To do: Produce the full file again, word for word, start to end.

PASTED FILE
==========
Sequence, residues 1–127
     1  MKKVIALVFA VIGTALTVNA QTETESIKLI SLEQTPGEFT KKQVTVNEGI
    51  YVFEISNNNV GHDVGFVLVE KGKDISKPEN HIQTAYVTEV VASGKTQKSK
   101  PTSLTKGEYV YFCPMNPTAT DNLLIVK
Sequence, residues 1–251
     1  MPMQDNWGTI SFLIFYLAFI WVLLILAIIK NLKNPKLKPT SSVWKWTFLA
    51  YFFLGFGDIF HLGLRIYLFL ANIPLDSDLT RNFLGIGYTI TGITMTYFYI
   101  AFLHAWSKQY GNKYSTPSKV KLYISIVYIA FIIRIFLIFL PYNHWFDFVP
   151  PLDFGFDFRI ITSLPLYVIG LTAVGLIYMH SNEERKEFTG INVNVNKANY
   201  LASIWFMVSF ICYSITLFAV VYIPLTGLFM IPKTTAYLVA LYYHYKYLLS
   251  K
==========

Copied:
Sequence, residues 1–127
     1  MKKVIALVFA VIGTALTVNA QTETESIKLI SLEQTPGEFT KKQVTVNEGI
    51  YVFEISNNNV GHDVGFVLVE KGKDISKPEN HIQTAYVTEV VASGKTQKSK
   101  PTSLTKGEYV YFCPMNPTAT DNLLIVK
Sequence, residues 1–251
     1  MPMQDNWGTI SFLIFYLAFI WVLLILAIIK NLKNPKLKPT SSVWKWTFLA
    51  YFFLGFGDIF HLGLRIYLFL ANIPLDSDLT RNFLGIGYTI TGITMTYFYI
   101  AFLHAWSKQY GNKYSTPSKV KLYISIVYIA FIIRIFLIFL PYNHWFDFVP
   151  PLDFGFDFRI ITSLPLYVIG LTAVGLIYMH SNEERKEFTG INVNVNKANY
   201  LASIWFMVSF ICYSITLFAV VYIPLTGLFM IPKTTAYLVA LYYHYKYLLS
   251  K